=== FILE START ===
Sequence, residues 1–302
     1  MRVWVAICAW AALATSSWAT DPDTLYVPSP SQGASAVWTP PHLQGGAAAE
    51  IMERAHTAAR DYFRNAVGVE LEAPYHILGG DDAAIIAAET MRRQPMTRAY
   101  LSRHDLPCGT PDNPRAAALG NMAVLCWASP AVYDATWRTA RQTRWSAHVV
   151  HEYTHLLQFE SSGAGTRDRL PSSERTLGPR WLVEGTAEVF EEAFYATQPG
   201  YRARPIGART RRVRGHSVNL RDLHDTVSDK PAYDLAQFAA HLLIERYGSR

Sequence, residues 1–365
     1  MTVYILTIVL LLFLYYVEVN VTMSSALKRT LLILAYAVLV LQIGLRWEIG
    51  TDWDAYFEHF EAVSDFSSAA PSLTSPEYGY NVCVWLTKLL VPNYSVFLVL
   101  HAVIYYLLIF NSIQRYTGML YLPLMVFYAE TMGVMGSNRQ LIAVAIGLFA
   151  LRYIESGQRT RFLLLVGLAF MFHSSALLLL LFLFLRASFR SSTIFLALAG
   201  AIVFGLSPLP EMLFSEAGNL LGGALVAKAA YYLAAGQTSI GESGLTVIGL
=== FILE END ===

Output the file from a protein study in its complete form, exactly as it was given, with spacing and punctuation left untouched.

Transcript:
Sequence, residues 1–302
     1  MRVWVAICAW AALATSSWAT DPDTLYVPSP SQGASAVWTP PHLQGGAAAE
    51  IMERAHTAAR DYFRNAVGVE LEAPYHILGG DDAAIIAAET MRRQPMTRAY
   101  LSRHDLPCGT PDNPRAAALG NMAVLCWASP AVYDATWRTA RQTRWSAHVV
   151  HEYTHLLQFE SSGAGTRDRL PSSERTLGPR WLVEGTAEVF EEAFYATQPG
   201  YRARPIGART RRVRGHSVNL RDLHDTVSDK PAYDLAQFAA HLLIERYGSR

Sequence, residues 1–365
     1  MTVYILTIVL LLFLYYVEVN VTMSSALKRT LLILAYAVLV LQIGLRWEIG
    51  TDWDAYFEHF EAVSDFSSAA PSLTSPEYGY NVCVWLTKLL VPNYSVFLVL
   101  HAVIYYLLIF NSIQRYTGML YLPLMVFYAE TMGVMGSNRQ LIAVAIGLFA
   151  LRYIESGQRT RFLLLVGLAF MFHSSALLLL LFLFLRASFR SSTIFLALAG
   201  AIVFGLSPLP EMLFSEAGNL LGGALVAKAA YYLAAGQTSI GESGLTVIGL